We accumulated 1,039 miles by the time the driving was done, running from Northern Virginia to New York’s Storm King Mountain community, back and forth from Manhattan’s hustle to the quiet beauty of Cornwall nine miles north of the U.S. Military Academy at West Point and, by degrees, back to Northern Virginia.

We enjoyed every moment on the road in the four-wheel-drive 2012 Jeep Grand Cherokee Limited, a long-distance runner if ever there was one. But our pleasure came at a cost of $227.83 in mostly mid-grade gasoline.

That was my fault. This sport-utility vehicle would have done just fine on regular gasoline, about 15 cents cheaper than mid-grade at the time of our Thanksgiving holiday travels. But, although I knew better, I surrendered common sense and truth to the lobbyists traveling with me, my wife, Mary Anne, and son Tony, who insisted the Cherokee would be likely to perform much better if we “at least” — Mary Anne’s words — treated it to 89-octane gasoline.

Congress must work something like that. Smart lawmakers make dumb decisions to placate constituents who are just plain wrong. That’s how you get a deficit.

Truth is, on at least two occasions, I filled the Grand Cherokee’s tank with regular gasoline, and neither the Grand Cherokee nor my wife and son knew it.

The Fiat-owned Chrysler Group, maker of all things Jeep, remains self-conscious about the bad rap SUVs have taken for guzzling fuel and spewing tailpipe pollutants. That is why the company is offering its 2012 Grand Cherokee in a supposedly greener, certainly more politically acceptable (at least to corn growers) E-85 Flex-Fuel Vehicle (FFV) package.

The pitch is that E-85 — 85 percent ethanol, 15 percent regular gasoline — reduces our dependence on foreign oil imports while cleaning up tailpipe pollution, because ethanol burns cleaner than fossil fuels.

I have no argument with that reasoning — the science of it, or its national security intent. But on the road, it really makes no consumer sense. First, try to find an E-85 station. It’s difficult, at least throughout the Mid-Atlantic and Northeast regions I traveled with my family.

Second, high school chemists know that alcohol burns a lot faster, albeit cleaner, than gasoline. But that faster, more efficient, cleaner burn also means reaching “Empty” on your fuel gauge faster than you would if you were using regular or mid-grade gasoline.

But the real bummer is that when you find an E-85 outlet, you’ll be shocked silly by fuel prices. For example, E-85 at the Power Gas station in East Orange, N.J., an E-85 fueling depot open to the public — as opposed to those for corporate or government use only — was 70 cents per gallon more expensive than regular gasoline.

The rational economist in me rebelled. On a good day — favorable weather, low-to-no crosswinds, improved road, no traffic congestion — the Grand Cherokee Limited I was driving averaged 23 miles per gallon using either mid-grade or regular gasoline. I figured I’d get less with the more expensive, faster-burning E-85, and so I bypassed the Power Gas people in search of regular gas.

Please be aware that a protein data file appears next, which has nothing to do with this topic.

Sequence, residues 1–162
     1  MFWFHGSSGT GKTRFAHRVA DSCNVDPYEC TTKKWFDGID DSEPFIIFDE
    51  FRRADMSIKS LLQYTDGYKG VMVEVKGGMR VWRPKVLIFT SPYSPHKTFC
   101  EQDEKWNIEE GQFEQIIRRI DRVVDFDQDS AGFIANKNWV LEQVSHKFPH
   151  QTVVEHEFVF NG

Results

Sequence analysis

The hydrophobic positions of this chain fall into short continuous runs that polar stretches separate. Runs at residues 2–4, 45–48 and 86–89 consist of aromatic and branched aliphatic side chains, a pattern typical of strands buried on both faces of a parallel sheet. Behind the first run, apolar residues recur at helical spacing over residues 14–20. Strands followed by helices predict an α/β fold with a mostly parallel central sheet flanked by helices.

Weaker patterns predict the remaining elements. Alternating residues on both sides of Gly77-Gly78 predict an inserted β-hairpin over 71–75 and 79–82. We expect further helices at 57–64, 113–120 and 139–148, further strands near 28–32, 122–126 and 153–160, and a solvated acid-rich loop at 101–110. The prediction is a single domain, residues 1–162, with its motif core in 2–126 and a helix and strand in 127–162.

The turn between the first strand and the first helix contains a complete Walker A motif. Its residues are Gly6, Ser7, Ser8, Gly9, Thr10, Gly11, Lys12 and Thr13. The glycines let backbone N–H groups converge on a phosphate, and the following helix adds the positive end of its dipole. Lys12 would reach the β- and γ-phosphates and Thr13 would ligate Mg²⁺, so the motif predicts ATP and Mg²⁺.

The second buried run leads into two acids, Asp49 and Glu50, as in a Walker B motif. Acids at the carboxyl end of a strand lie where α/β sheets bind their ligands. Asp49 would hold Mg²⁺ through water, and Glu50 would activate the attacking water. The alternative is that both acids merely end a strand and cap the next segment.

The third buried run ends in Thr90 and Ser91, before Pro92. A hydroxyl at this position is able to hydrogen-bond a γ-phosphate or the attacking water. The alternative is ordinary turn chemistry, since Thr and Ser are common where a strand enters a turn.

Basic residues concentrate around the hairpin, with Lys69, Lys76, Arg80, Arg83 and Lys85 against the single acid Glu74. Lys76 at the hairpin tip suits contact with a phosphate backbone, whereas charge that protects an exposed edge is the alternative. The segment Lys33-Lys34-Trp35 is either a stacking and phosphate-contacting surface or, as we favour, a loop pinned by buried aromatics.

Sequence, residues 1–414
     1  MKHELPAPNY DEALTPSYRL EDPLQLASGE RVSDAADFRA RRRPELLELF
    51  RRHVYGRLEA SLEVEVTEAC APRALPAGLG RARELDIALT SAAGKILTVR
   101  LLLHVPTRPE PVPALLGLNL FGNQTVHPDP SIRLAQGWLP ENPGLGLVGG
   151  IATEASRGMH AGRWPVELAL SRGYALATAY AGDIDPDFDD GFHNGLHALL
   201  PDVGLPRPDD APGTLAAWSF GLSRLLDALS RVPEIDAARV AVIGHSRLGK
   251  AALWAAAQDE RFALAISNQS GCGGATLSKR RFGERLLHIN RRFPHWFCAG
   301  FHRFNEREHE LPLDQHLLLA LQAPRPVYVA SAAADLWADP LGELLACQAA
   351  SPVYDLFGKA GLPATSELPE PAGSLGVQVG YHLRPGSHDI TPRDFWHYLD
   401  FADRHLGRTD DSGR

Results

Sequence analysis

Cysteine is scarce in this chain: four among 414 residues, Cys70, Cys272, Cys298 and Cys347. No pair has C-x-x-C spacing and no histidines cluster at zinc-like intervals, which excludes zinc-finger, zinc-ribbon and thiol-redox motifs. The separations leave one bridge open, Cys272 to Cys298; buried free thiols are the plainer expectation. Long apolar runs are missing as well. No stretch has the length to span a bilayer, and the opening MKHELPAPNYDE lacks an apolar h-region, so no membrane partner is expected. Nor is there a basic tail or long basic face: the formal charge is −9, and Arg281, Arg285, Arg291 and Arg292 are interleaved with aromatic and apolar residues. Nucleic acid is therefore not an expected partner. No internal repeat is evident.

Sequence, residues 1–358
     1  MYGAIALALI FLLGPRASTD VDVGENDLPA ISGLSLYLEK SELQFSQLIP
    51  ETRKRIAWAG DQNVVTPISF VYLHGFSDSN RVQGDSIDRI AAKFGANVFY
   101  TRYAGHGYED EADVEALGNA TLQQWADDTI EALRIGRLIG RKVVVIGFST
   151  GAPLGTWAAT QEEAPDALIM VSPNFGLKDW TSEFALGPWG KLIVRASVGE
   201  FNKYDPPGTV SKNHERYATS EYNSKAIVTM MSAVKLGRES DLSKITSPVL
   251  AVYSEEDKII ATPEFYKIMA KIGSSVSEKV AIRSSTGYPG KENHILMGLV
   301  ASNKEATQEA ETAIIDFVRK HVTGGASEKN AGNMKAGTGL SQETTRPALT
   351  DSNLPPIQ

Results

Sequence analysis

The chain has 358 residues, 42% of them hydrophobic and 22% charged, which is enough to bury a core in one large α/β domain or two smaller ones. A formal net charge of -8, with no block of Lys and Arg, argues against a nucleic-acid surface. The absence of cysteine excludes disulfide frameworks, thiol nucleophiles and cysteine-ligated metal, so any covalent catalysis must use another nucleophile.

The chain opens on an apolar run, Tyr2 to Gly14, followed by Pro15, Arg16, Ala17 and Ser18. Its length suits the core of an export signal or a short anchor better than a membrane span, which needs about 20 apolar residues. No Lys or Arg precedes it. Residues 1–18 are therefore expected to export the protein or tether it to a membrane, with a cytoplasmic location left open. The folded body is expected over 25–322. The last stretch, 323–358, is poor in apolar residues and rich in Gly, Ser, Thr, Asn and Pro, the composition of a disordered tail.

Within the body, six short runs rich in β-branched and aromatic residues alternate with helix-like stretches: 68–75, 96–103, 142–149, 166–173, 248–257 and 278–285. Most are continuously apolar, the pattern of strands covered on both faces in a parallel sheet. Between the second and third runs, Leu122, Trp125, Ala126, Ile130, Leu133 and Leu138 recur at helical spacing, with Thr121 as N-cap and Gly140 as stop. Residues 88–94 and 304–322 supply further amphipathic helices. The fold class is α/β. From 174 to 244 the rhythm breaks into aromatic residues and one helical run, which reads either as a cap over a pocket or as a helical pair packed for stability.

Right now, the way I figure it, all of the flex-fuel stuff is more of a marketing and lobbying exercise than a practical application of technology, aimed more at politicians and environmental groups than it is to consumers.

Perhaps if Congress came up with a national energy policy that put the lowest prices on the more efficient fuels — including diesel, which is 30 percent more efficient than gasoline — I’d stop looking for regular and mid-grade gas.

But that is not likely to happen anytime soon, which is why, painful though it was, I didn’t mind filling the Jeep Grand Cherokee with readily available gasoline.

Besides, most of us don’t drive for fuel economy alone. We want power — including the sense that we can handle anything likely to confront us on a long road trip. The Jeep Grand Cherokee delivers that sense of well-being, even with its standard 3.6-liter V-6 engine (260 foot-pounds of torque, 290 horsepower). It pulls uphill with no discernible strain and no whine — “uphill,” in this case, being 1,540 feet above sea level moving across Schunemunk Mountain near Cornwall, N.Y.

It’s a good feeling, not having to worry about slipping or sliding into misery in those environments. Descending from the mountain is made easier, in weather fair and foul, with hill-descent control — a technology found on other up-level SUVs — which electronically controls acceleration and braking moving downhill.

When the day is stuffed with more sightseeing than a day normally allows, it’s nice to settle into the rich, sturdy comfort of the Grand Cherokee Limited’s cabin — supple leather, fine wood veneer, panoramic glass roof, premium sound system — and head home.

I could buy this SUV . . . and save fuel by driving it only on long trips, you know, just in case I can’t find a hotel. You can sleep comfortably in this one — when parked.